Shoe mogul Kenneth Cole wins frequent praise for his willingness to be identified with the AIDS issue. He is on the board of directors of the American Foundation for AIDS Research (AmFAR), and has committed part of his corporate advertising budget to encourage AIDS awareness. In addition, AmFAR received 40 percent of the proceeds from every pair of Kenneth Cole shoes sold on Dec. 1, World AIDS Day.
Designers who often are cited as prime supporters of AIDS causes include Carmelo Pomodoro, Jeffrey Banks, Ronaldus Shamask and Bill Robinson.
Has the fashion industry responded adequately?
``No, not at all,'' Kors says. ``Everyone has good intentions, but it's very difficult to get a group of people with strong opinions together in one direction. It's not just money that's needed, it's commitment, willingness to speak out . . . I feel guilty that I don't have time to do more than I do.''
Pomodoro also acknowledges that ``the industry has taken a long time to react,'' but feels fashion ``largely has closed ranks (on the issue) - God only knows, in comparison to what it was.''
``The fashion industry has protected its own, which I think is marvelous,'' says Anneliese Estrada, whose husband, Angel, died of AIDS in September. ``At the same time, it doesn't stand up and speak. The established designers donate money to AIDS, but there is more that can be done. They're not neglectful as such. They feel like they're doing a lot, because they're putting their names to something risque. But people with power could do more.''
Estrada would like to see a trust fund set up to care for those who become ill. But, she says, ``by setting up a trust fund, it's admitting the industry is being swamped . . . The industry has to wake up. Seventh Avenue will crumble, if they don't get smart.''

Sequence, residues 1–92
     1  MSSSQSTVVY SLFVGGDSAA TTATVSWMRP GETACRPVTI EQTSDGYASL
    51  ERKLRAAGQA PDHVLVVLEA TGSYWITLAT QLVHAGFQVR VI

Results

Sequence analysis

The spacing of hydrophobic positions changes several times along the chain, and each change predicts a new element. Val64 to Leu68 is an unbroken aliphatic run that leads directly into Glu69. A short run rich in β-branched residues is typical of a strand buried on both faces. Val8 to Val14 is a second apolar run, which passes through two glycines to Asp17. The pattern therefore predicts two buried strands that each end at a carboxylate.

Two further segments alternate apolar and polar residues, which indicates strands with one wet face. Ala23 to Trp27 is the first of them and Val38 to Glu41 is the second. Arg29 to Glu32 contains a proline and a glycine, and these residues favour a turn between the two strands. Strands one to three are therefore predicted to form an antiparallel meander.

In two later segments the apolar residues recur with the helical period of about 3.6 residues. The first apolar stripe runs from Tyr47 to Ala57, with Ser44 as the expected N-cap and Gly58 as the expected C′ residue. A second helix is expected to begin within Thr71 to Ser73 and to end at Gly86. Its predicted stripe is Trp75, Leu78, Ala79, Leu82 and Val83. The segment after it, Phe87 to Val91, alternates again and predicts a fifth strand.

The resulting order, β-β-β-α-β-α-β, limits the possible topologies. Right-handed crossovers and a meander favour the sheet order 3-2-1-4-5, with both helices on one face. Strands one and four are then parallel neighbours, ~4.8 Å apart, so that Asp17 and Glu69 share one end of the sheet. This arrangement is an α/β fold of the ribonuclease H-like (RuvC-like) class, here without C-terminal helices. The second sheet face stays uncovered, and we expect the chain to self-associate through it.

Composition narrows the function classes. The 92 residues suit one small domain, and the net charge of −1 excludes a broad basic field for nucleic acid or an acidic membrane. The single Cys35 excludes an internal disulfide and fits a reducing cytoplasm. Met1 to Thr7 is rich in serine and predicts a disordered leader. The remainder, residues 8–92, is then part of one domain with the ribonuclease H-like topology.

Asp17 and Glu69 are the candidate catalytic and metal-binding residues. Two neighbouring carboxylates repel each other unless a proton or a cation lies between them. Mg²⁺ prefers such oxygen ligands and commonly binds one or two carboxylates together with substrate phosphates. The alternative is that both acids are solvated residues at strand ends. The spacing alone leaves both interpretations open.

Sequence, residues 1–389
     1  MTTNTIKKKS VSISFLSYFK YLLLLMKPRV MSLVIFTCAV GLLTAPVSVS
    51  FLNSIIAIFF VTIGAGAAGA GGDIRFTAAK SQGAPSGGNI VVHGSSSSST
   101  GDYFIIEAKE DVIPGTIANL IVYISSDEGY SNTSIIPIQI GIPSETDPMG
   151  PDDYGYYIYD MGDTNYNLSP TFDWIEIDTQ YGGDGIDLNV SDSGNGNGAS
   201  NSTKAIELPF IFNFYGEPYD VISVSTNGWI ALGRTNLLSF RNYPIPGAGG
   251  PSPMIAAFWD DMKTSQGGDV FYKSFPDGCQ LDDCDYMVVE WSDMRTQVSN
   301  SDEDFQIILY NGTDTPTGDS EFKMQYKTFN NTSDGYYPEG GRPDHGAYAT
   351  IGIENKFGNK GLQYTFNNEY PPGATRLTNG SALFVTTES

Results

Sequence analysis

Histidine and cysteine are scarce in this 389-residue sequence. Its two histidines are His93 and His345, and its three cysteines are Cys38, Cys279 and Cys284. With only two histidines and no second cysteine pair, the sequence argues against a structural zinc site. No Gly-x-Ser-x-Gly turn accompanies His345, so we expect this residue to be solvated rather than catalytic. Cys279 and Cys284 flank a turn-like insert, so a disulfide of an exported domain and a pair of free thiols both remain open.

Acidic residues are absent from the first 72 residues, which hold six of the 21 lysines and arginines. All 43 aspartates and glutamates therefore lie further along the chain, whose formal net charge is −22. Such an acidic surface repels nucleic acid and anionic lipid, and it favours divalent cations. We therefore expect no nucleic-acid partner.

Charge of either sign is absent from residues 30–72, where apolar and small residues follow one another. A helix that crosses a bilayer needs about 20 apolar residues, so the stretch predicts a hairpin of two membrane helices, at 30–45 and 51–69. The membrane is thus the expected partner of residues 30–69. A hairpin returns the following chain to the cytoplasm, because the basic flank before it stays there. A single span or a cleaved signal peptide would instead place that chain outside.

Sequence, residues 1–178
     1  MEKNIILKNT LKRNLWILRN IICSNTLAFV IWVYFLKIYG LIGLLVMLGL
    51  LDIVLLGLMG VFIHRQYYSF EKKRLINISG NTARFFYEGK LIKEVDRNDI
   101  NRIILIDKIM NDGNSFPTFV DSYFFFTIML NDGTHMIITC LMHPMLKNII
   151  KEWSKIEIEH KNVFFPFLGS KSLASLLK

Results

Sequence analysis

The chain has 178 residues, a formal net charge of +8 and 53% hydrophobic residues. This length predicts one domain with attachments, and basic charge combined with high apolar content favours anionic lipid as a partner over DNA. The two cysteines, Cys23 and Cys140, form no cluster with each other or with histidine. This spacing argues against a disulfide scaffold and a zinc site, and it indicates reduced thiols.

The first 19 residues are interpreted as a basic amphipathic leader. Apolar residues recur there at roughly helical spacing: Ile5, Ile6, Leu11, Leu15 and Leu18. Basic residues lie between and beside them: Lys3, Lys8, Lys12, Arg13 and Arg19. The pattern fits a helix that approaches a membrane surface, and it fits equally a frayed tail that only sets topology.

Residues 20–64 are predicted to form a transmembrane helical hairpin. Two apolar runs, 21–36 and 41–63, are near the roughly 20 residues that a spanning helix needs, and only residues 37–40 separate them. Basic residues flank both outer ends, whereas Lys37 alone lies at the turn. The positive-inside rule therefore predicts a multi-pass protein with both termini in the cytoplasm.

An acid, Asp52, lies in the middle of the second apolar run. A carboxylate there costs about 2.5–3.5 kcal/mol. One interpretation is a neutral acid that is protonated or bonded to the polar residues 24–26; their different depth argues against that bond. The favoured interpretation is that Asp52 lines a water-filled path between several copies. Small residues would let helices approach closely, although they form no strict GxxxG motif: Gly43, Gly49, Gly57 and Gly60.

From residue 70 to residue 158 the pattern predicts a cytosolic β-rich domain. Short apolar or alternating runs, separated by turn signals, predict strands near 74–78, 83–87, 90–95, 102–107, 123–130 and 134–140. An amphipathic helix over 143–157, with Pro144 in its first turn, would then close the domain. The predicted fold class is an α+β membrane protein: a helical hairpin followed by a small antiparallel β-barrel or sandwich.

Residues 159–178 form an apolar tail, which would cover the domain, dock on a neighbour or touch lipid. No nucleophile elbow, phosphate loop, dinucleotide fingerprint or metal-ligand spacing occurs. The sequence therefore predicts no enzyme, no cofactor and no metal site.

It has taken the industry the better part of the decade to become galvanized on the AIDS crisis. Some observers, including Flanders and Kors, are unhappy that the Council of Fashion Designers of America (CFDA) has given the lion's share of its charitable donations to the Metropolitan Museum's Costume Institute. A far smaller CFDA grant was given to the AIDS unit at New York Hospital-Cornell Medical Center, despite the fact that fashion's most prominent AIDS casualty thus far has been former CFDA president Perry Ellis.
However, sources say the council now plans to hold a major AIDS benefit in the fall of 1990. CFDA executive director Robert Raymond confirms this, and says proceeds from the fund-raiser will go to three or four AIDS charities, with specifics to be announced soon.
Because of AIDS, many subtle changes have taken place in the fashion industry. Mandatory HIV testing, for example, is common in the garment business these days. Designer Todd Oldham comments that he has ``had many tests, and I'm fine. I don't think I would have taken it electively, but I had to, because of the insurance reasons.''
Another little-publicized change is that women seem to be filling the void left in what traditionally has been a male-dominated business. Because most of fashion's AIDS casualties are men, investors may see women designers and managers as a safer bet.
Over and over, fashion people say they want the '90s to be an era of higher social consciousness - concerning AIDS and other issues as well. They are hoping for a nation that indeed is kinder, gentler, less judgmental and more willing to get involved.
Says designer Kors, ``I'm thrilled that the '80s are ending; I think the whole tone of life in the '80s, with all the overconsumption, has not been particularly healthy. They're not experimental times; they're stifling creativity. People aren't willing to take risks in anything, and fashion's reflected that. The overhanging gloom inhibits creativity.''
Copyright (c) 1990 Seattle Times Company, All Rights Reserved.